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Building a Victorian Country Church

An historical archaeology of St. Mary the Virgin, Stratfield Mortimer, Berkshire

J.R.L. Allen
Publication Year:
154pp. Illustrated throughout with figures, maps, tables, drawings and plates including 1 in colour, 4 data Appendices
ISBN 10:
BAR number:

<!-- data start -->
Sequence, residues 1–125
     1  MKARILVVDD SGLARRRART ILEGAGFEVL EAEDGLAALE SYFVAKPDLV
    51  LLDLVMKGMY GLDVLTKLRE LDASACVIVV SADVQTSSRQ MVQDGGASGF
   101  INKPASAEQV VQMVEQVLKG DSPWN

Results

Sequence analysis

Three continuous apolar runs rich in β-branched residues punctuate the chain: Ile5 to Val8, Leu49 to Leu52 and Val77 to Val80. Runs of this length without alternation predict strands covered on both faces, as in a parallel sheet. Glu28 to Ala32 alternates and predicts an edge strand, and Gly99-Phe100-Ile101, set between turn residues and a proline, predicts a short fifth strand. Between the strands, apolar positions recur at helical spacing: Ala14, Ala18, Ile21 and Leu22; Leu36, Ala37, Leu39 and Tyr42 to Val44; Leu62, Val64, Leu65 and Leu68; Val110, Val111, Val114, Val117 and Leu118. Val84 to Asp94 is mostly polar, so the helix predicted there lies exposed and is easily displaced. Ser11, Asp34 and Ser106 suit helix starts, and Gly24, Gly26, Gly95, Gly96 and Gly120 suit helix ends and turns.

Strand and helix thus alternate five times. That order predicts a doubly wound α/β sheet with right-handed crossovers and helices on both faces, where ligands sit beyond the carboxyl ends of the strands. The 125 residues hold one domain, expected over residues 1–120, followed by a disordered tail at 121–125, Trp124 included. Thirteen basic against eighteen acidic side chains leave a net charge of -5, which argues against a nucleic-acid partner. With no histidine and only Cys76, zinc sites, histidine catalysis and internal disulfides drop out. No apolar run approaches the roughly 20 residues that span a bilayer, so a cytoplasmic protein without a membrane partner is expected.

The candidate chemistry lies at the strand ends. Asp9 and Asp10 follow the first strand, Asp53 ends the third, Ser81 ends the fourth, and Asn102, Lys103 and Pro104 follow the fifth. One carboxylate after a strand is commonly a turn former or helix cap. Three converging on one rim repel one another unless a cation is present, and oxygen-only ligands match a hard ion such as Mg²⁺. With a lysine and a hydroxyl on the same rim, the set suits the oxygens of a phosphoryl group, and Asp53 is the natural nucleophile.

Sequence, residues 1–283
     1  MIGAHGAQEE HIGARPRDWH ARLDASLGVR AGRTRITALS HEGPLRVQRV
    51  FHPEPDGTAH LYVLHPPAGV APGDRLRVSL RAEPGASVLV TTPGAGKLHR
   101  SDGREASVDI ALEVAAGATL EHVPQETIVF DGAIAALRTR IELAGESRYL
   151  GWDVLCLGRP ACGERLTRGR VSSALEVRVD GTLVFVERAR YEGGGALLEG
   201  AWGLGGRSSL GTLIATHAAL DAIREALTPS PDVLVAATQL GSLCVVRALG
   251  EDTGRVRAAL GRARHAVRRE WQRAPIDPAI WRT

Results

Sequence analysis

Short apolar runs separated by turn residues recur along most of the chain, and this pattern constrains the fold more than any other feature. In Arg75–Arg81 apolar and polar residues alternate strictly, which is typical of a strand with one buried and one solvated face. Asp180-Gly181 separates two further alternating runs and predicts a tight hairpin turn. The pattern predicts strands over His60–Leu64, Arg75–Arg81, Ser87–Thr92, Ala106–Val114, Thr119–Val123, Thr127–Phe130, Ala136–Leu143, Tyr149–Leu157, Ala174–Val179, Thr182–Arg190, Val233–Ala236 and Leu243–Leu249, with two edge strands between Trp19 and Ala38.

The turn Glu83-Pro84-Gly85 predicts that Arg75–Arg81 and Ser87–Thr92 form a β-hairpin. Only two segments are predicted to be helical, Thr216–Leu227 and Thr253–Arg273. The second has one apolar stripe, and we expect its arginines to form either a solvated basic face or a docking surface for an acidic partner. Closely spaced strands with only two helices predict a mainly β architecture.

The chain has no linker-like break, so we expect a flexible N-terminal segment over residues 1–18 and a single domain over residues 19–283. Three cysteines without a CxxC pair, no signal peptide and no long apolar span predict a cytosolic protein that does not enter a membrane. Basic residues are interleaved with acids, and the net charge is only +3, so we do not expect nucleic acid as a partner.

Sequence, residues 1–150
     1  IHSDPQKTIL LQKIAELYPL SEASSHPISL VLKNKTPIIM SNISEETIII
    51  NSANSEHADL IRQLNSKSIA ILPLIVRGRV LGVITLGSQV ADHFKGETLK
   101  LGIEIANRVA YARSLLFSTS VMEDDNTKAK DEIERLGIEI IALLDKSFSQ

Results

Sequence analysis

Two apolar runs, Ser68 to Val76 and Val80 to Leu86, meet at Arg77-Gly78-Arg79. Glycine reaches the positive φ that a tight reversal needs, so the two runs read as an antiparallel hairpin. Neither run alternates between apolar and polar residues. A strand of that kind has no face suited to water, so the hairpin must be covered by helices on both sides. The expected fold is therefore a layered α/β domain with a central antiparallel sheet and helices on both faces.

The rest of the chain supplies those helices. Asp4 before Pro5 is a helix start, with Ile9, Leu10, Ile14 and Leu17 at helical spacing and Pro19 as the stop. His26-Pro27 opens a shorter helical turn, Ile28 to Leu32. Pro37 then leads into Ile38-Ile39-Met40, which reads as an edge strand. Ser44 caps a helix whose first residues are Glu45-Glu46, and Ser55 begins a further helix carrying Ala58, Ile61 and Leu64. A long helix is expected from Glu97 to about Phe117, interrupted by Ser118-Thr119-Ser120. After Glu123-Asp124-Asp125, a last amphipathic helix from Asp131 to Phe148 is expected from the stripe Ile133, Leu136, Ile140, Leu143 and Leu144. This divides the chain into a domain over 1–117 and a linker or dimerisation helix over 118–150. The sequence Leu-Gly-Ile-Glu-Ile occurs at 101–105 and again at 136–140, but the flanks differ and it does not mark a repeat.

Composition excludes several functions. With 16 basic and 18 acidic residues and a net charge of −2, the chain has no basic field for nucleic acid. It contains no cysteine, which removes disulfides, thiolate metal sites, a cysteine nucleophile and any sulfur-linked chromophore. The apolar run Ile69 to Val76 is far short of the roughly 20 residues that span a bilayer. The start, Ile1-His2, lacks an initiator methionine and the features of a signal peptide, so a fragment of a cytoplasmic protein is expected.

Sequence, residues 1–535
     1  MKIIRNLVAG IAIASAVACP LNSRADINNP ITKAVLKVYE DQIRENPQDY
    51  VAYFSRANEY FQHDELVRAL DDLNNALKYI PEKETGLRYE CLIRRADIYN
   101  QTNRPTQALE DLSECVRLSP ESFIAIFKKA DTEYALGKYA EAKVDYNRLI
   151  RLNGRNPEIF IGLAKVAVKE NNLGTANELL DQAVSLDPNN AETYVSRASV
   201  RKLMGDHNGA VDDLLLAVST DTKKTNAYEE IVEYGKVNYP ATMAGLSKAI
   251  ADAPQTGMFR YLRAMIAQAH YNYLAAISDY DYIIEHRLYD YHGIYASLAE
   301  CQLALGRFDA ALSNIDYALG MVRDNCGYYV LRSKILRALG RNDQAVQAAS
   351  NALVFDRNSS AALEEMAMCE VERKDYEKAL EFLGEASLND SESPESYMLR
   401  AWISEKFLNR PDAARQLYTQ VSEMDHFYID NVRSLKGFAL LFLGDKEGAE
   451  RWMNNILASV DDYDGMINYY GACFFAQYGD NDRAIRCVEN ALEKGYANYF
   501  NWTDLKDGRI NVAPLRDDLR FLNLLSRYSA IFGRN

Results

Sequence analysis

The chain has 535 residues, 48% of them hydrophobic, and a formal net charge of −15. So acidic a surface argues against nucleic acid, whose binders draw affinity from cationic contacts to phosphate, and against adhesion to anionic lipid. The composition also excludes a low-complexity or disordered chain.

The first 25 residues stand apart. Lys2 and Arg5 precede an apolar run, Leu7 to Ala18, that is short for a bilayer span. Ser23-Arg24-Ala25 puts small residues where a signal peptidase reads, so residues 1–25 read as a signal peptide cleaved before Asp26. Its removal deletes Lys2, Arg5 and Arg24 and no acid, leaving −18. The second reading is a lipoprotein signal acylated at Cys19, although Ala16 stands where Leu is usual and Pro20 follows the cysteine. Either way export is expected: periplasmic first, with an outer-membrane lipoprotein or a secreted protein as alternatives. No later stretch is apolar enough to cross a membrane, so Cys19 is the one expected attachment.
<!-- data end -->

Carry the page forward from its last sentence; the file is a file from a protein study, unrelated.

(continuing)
The present Anglican parish church of St. Mary the Virgin in the south Berkshire village of Stratfield Mortimer was built between September 1866 and July 1869 to replace a smaller, medieval building on the same site.Sponsored and paid for by Richard Benyon II of Englefield House, it was designed by Richard Armstrong Snr of London, and built by William Rhind, a young Scot, acting as Clerk of Works with the resources of the Englefield Estate at his disposal. A series of 150 detailed weekly returns by Rhindto Benyon shows that more than 340 named bricklayers, stonewallers, labourers, stonemasons and carpenters were employed at one time or another at St. Mary's.For much of the three-year period of building 40-45 men, lads and boys were present at the site.Their trades, daily rates and weekly wages are known in detail, together with the general progress of construction.It is apparent from Census Returns that the great majority of these workers were on the tramp, either living in benders or in some cases lodging in the village.They substantially increased the male working population of the village, and had a significant economic and social impact.The direct cost of St Mary's was almost £10,000, but the true cost was substantially more, as Rhind did not pay for aggregate, bricks, scaffolding, cartage and such machinery as a steam traction-engine.As the receipted bills accompanying Rhind's returns demonstrate, the Great Western Railway Company, with a station and goodsyard at Mortimer, was crucial to the construction of St. Mary's. The church was built at the height of the Victorian church-building boom during a period of confidence and prosperity for many.In general design, it was modelled on the previous medieval building, but otherwise largely complied with ecclesiological taste.The sturdy tower, with an almost fortified look, combines with the spire make the church a conspicuous landmark, which Pevsner was happy to call 'stately'. The present author has contributed two other works for BAR: BAR 432 2007: Late Churches and Chapels in Berkshire and BAR 371 2004: Carrstone in Norfolk Buildings.